Malik Monk says the New York Knicks are still very committed to the triangle offense. The Kentucky star is poised to go high in the NBA Draft next week, and he says his workout with the Knicks had a very specific offensive pattern.
Monk skipped the Draft Combine in Chicago last month, but he’s given private workouts to teams in the run up to the draft in Brooklyn next Thursday. As a projected mid-to-late lottery selection, Monk has held workouts with a number of organizations, and on Thursday he put his skills on display for the Knicks’ brass in New York.
New York has the ninth pick in next week’s Draft and, according to Monk, whoever the Knicks take better enjoy the triangle offense if he’s drafted by Phil Jackson and company, because they’re dead set on running it.
Monk has the potential to put up a ton of points in the NBA, and many think he’s a great fit for the Knicks, who are in desperate need for perimeter shooting. He’s been mock drafted there by some, and most assume he’ll be available to the Knicks when they get on the clock. The problem with Monk getting the triangle pounded into him is that, well, it’s the triangle.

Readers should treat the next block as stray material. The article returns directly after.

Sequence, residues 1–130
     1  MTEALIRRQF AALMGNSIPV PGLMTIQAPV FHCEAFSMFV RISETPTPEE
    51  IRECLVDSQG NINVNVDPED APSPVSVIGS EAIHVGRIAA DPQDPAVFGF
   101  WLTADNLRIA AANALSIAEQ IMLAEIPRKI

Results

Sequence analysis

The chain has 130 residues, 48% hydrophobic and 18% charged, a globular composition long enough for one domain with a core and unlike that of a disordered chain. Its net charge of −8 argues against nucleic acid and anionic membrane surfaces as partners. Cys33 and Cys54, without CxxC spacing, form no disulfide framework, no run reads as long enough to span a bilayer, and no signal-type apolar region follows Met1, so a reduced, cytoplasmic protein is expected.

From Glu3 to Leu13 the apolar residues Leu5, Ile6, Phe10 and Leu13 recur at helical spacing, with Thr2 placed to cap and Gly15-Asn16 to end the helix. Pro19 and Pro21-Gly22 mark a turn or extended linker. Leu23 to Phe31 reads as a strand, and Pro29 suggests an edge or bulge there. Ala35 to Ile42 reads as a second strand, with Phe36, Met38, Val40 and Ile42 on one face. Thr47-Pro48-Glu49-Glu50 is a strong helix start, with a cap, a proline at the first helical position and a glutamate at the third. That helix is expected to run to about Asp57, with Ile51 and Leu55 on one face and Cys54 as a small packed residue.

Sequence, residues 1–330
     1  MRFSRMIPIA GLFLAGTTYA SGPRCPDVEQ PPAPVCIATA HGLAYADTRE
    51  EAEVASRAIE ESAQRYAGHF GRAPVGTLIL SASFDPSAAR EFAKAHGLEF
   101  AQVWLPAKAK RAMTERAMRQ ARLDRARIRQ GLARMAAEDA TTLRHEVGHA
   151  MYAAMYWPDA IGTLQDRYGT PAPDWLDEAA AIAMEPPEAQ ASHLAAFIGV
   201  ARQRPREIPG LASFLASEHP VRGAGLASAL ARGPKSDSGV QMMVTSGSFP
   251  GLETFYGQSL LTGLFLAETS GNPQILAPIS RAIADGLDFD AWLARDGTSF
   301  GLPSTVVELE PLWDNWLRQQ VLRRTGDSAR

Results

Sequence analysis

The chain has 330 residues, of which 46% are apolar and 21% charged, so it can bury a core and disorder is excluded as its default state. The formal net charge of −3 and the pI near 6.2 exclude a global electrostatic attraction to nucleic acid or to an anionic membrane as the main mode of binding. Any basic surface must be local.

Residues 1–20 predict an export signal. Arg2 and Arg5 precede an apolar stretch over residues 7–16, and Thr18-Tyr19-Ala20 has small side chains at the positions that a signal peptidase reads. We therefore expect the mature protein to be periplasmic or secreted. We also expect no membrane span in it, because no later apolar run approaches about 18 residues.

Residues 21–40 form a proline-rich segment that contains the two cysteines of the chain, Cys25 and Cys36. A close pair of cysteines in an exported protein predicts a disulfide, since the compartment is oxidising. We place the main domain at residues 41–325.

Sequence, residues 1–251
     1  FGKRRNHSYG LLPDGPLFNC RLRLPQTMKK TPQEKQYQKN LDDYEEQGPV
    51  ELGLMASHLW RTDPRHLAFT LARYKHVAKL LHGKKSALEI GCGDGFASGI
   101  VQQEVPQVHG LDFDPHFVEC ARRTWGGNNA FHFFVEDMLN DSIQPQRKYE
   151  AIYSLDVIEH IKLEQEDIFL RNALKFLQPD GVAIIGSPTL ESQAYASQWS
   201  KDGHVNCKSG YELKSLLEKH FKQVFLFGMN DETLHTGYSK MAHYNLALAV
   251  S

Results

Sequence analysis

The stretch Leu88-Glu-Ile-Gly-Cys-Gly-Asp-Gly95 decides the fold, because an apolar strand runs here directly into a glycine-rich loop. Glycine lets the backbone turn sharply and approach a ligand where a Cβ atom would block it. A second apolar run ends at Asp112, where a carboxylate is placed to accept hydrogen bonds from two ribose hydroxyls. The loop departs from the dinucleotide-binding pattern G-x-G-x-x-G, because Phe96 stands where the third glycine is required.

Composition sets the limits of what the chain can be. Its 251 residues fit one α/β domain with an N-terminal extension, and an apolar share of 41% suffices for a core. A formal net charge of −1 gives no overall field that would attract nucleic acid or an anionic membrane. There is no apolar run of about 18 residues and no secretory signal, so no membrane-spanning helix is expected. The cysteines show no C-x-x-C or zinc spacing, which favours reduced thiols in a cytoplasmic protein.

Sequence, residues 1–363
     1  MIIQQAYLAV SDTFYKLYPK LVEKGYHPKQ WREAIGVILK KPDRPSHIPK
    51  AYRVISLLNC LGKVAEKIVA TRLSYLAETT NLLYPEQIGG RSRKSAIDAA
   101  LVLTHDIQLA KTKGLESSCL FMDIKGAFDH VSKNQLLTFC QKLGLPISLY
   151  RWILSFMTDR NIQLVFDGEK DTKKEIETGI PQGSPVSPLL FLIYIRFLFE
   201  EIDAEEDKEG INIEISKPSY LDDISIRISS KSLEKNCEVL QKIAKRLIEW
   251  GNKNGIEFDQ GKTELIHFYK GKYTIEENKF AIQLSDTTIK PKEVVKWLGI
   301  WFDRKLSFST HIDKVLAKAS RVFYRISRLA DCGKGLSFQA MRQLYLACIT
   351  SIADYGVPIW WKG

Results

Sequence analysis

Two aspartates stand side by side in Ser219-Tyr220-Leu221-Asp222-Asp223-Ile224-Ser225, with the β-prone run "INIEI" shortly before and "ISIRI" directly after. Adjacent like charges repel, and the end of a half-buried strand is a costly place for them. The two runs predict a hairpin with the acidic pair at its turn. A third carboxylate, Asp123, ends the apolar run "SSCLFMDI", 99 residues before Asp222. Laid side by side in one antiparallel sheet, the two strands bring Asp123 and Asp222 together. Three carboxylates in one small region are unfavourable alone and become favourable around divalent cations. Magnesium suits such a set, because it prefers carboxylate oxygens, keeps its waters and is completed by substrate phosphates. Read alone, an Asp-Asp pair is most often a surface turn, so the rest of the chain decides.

Much like the American Dream and this nation’s vast system of highways, the triangle offense once worked quite well but now seems to be more trouble to maintain than it’s worth. But the Knicks are still Phil Jackson’s team so until he decides it won’t work anymore, which will never happen, or he leaves New York, which won’t be for at least two more years, the triangle will live on in Manhattan. Monk might be a great fit for running the triangle, sure, but it’s easy to be wary. Jackson has been reticent about making changes to his famed system, and many think the rest of the league has lapped its usefulness on the court.
Given the current state of the Knicks—which is something between controlled chaos and perpetual ruin—it’s easy to say the system’s heyday has already passed. Drafting Monk to get him wrapped all up in its funk isn’t the most exciting option for a lot of people who saw him dominate games with the Wildcats wearing the blue and white. But Jackson is the decision maker in New York, and if he says Monk is the man for the job, he’ll be in blue and orange this fall operating in the triangle.